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Prevention Is the Key: Steps To Avoid Getting the Flu This Season

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By: Neil Lesitsky, MD
November 9, 2011

We’ve all had those days where we just don’t feel well – a cough, a runny nose, sneezing, body aches and maybe a fever.  As the winter months approach, those symptoms could mean that you have the flu, or the influenza virus.  But there are steps you can take to minimize your chances of contracting the flu.

The first step is to understand how the influenza virus spreads.  Generally, influenza spreads from one person, who has the virus, to another person.  According to the Centers for Disease Control (CDC), this typically occurs when people who have the flu cough, sneeze or talk and create droplets that come in contact with another person.

The virus can also be contracted by touching a surface that has been contaminated by the influenza virus.  A recent study by personal and health care product company Kimberly-Clark revealed that surfaces we come into contact with every day can be contaminated with bacteria and viruses, including gas pump handles, escalator rails and ATM and credit card machines.  Handling money is also a common source of transmission.

To help ensure that you are not spreading viruses like influenza from a contaminated surface, wash your hands often with soap and water, and if soap and water are not available, use an alcohol-based hand rub. Also, avoid touching your eyes, nose and mouth after touching a surface that could be contaminated or after coming in contact with someone who is sick.

Even after taking these precautionary steps, it’s still possible to get sick.  If you think you have the flu, based on the symptoms outlined above, it is recommended that you stay home and avoid contact with other people except to get medical care.  In most cases, the flu is a mild illness, and most people do not need medical care or antiviral drugs.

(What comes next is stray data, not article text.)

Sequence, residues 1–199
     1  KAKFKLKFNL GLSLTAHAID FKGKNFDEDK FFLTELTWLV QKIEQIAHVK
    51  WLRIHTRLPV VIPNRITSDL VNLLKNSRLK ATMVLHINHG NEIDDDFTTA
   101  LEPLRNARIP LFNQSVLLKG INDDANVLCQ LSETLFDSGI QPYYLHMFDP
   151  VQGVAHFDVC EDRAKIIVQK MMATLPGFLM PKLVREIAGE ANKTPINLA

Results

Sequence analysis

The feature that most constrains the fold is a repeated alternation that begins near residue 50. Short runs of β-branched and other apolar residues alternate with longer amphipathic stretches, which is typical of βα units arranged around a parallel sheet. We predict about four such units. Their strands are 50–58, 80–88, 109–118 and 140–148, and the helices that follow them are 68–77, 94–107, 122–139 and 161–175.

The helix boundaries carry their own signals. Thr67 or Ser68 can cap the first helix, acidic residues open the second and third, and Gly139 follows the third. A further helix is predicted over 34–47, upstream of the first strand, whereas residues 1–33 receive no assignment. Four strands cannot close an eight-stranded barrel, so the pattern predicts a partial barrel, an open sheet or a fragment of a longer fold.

However, according to the CDC, some people are more likely to have complications from the flu – namely, young children, people 65 and older, women who are pregnant and people with asthma or diabetes.  It’s also possible, though more rare, for healthy people to develop severe illness from the flu, so the CDC recommends that anyone concerned about their illness should consult a health care provider.

Perhaps the most important step you can take to prevent the flu is to receive a flu vaccination.  In fact, the CDC recommends a yearly flu vaccine as the first and most important step in protecting against flu viruses.  And contrary to what some may think, the vaccine does not contain a live active virus, so you cannot get the flu from the vaccine.

Blue Cross of Northeastern Pennsylvania, like many other insurers, strongly encourages our members to receive a vaccination because it’s the best way to keep yourself, and our community, healthy during flu season.

For more information on where to find a flu vaccine location near you, visit www.flu.gov or contact the Pennsylvania Department of Health toll-free at 1-877-PA-HEALTH.

Dr. Lesitsky is a board certified family practice physician with more than 20 years of experience, and is an associate medical director for Blue Cross of Northeastern Pennsylvania.

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